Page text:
Facial reconstruction

Search LJMU Research Online

Browse Repository | Browse E-Theses

High-intensity exercise in the evening does not disrupt sleep in endurance runners.

Thomas, C, Jones, H, Whitworth-Turner, C and Louis, J (2019) High-intensity exercise in the evening does not disrupt sleep in endurance runners. European Journal of Applied Physiology, 120 (2). pp. 359-368. ISSN 1439-6327

[img]
Preview
Text
High‑intensity exercise in the evening does not disrupt sleep.pdf - Published Version
Available under License Creative Commons Attribution.

Download (542kB) | Preview

Abstract

PURPOSE: To investigate the effect of early evening exercise training at different intensities on nocturnal sleep and cardiac autonomic activity in endurance-trained runners. METHODS: Eight runners completed three experimental trials in a randomised, counterbalanced order. In the early evening (end of exercise 3.5 h before bedtime), participants performed either: (i) a 1 h high-intensity interval running session (HIGH, 6 × 5 min at 90% VO2peak interspersed with 5 min recovery); (ii) a 1 h low-intensity running session (LOW, 60 min at 45% VO2peak) or (iii) no exercise (CON). Subsequent nocturnal sleep was assessed using polysomnography, wristwatch actigraphy, and subjective sleep quality. A two-lead electrocardiogram recorded nocturnal cardiac autonomic activity. RESULTS: Total sleep time increased after HIGH (477.4 ± 17.7 min, p = 0.022) and LOW (479.6 ± 15.6 min, p = 0.006) compared with CON (462.9 ± 19.0 min). Time awake was lower after HIGH (31.8 ± 18.5 min, p = 0.047) and LOW (30.4 ± 15.7 min, p = 0.008) compared with CON (46.6 ± 20.0 min). There were no differences between conditions for actigraphy and subjective sleep quality (p > 0.05). Nocturnal heart rate variability was not different between conditions, but average nocturnal heart rate increased after HIGH (50 ± 5 beats min-1) compared with LOW (47 ± 5 beats min-1, p = 0.02) and CON (47 ± 5 beats min-1, p = 0.028). CONCLUSION: When performed in the early evening, high-intensity exercise does not disrupt and may even improve subsequent nocturnal sleep in endurance-trained runners, despite increased cardiac autonomic activity. Additionally, low-intensity exercise induced positive changes in sleep behaviour that are comparable to those obtained following high-intensity exercise.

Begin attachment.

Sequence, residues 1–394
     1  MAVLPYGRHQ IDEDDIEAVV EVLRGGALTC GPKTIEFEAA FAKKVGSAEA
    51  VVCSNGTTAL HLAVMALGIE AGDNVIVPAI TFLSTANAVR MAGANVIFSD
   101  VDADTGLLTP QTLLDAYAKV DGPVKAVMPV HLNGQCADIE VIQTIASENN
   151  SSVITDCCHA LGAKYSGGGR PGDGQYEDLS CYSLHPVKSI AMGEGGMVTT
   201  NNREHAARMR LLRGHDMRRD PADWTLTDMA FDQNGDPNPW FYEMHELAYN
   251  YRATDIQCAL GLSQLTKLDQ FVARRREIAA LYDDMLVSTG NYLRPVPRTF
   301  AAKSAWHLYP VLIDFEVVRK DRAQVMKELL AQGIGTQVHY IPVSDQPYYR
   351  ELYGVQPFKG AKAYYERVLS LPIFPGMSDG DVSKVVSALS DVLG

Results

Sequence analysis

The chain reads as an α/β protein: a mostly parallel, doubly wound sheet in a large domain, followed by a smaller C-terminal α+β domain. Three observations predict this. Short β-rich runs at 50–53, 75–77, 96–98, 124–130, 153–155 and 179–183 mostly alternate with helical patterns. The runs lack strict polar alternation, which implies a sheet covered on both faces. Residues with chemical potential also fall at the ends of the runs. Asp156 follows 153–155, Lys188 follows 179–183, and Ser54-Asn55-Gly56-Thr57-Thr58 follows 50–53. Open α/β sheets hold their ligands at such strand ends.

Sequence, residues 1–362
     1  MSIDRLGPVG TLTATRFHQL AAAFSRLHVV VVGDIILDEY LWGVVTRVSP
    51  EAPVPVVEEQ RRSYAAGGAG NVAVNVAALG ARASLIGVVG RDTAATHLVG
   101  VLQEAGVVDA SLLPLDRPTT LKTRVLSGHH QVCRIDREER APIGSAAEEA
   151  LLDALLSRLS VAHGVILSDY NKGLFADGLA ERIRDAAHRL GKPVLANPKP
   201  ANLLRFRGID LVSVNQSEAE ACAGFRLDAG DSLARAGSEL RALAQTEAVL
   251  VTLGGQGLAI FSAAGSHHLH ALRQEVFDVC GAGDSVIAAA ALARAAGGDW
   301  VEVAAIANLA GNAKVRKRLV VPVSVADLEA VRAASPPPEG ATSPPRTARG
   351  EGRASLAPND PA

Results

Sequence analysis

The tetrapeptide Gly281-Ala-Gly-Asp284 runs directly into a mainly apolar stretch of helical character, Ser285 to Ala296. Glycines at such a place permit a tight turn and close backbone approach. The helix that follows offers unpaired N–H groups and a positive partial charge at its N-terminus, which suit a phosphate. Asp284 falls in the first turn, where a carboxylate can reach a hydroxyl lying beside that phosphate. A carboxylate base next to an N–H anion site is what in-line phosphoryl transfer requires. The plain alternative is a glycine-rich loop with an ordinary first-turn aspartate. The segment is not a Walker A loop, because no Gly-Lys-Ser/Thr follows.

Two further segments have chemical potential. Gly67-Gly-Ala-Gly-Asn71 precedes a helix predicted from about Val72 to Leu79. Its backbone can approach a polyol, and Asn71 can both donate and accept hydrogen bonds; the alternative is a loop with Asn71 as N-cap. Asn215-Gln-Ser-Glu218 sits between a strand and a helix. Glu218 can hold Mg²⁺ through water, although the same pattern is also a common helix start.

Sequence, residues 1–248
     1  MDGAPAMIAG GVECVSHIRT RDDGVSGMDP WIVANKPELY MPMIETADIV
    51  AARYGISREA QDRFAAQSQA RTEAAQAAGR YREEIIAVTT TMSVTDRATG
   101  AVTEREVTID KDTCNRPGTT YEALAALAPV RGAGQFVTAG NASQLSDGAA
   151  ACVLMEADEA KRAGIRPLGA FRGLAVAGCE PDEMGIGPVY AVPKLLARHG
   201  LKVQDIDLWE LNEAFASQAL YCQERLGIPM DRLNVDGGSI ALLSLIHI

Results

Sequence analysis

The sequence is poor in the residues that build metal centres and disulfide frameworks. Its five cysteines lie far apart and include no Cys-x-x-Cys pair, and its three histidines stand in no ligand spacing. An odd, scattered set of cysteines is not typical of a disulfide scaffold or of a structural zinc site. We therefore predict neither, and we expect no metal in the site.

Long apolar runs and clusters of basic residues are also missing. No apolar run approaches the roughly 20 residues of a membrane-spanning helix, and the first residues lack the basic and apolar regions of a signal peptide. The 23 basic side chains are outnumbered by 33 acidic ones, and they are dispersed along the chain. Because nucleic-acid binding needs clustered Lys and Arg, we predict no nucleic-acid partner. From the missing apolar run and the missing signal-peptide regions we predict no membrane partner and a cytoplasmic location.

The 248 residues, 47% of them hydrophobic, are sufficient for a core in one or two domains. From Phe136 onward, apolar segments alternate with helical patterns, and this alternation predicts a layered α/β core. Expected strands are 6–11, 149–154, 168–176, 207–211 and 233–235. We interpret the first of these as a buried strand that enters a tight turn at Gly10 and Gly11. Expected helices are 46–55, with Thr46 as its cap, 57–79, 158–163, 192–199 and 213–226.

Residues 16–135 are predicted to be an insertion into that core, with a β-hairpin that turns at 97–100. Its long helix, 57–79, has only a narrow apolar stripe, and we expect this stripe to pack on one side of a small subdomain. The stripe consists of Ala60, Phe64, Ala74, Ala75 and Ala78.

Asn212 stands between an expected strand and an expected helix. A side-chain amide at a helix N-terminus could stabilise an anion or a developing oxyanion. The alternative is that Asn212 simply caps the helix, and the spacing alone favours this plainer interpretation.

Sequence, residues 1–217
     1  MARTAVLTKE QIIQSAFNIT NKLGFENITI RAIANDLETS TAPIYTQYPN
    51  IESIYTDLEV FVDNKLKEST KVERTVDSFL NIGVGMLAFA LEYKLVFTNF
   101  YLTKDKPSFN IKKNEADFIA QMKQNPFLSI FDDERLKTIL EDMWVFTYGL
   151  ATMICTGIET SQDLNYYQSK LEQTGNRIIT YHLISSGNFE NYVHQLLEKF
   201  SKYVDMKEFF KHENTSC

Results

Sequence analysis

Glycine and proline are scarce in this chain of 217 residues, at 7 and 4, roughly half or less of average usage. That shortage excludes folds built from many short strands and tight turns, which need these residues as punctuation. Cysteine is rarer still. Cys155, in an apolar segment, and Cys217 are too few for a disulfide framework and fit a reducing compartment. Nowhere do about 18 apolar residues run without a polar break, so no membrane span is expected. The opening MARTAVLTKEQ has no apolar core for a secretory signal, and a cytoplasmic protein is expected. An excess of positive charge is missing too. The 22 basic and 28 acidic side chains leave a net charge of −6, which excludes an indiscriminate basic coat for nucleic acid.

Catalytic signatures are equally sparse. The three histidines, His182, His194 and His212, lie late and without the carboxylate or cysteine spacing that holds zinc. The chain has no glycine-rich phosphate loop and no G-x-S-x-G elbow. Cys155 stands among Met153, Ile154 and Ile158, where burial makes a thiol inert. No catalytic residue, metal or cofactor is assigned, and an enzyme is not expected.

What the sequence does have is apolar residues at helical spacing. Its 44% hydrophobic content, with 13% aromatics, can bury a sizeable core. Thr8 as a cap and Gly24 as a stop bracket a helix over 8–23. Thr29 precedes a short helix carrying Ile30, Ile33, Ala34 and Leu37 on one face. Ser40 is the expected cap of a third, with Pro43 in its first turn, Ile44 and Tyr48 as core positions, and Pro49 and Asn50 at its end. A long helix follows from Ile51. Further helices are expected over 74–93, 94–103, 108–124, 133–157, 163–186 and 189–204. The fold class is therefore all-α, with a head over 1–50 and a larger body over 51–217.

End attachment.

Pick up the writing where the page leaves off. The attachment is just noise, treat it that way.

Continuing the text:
Item Type: Article
Uncontrolled Keywords: 1106 Human Movement and Sports Sciences
Subjects: R Medicine > RC Internal medicine > RC1200 Sports Medicine
Divisions: Sports & Exercise Sciences
Publisher: Springer Verlag
Related URLs:
Date Deposited: 06 Feb 2020 13:02
Last Modified: 06 Feb 2020 13:15
DOI or Identification number: 10.1007/s00421-019-04280-w
URI: http://researchonline.ljmu.ac.uk/id/eprint/12210

Actions (login required)

View Item View Item